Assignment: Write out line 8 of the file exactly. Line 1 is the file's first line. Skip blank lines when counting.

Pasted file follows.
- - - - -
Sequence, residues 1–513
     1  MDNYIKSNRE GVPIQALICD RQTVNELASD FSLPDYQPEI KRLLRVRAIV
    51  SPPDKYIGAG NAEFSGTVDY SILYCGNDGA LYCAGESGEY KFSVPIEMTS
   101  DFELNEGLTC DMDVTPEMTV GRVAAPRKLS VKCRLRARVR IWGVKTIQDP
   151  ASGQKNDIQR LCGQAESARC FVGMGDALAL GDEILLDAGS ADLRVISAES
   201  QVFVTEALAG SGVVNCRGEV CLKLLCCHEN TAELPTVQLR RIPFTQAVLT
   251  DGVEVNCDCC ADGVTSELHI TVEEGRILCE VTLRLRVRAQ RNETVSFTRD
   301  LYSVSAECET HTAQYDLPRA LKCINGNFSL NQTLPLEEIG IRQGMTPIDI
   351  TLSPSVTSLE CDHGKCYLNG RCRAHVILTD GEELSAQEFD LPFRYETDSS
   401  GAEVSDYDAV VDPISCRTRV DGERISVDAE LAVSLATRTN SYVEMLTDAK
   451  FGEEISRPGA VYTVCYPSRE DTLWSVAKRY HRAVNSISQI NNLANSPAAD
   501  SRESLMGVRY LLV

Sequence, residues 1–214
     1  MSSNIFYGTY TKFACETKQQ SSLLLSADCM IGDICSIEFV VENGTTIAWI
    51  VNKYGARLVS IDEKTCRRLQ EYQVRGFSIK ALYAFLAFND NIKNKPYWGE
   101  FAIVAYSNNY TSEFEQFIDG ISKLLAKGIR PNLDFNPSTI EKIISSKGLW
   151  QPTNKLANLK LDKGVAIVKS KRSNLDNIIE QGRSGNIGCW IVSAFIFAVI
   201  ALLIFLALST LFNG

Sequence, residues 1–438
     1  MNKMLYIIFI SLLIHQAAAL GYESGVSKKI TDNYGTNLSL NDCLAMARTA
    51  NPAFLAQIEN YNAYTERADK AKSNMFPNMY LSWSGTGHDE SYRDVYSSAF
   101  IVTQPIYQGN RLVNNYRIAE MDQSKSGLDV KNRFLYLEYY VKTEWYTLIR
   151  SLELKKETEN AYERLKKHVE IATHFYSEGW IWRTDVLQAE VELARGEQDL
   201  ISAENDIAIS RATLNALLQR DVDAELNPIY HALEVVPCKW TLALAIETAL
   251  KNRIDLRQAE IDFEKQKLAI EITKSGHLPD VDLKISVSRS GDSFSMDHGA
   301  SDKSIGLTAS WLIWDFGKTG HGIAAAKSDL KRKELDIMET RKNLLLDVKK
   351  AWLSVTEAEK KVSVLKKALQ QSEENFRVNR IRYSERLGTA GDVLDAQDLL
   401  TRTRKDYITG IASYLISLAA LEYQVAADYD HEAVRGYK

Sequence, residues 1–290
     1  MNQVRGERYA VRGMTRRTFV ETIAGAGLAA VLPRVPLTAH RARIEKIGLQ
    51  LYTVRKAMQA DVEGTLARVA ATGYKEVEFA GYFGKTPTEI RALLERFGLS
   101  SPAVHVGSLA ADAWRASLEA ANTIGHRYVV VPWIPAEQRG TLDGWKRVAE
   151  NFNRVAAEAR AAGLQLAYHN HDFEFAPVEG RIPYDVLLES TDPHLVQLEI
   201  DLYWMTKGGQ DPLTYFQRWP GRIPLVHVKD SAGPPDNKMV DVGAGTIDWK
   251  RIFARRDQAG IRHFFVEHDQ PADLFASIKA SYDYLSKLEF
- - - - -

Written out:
   301  LYSVSAECET HTAQYDLPRA LKCINGNFSL NQTLPLEEIG IRQGMTPIDI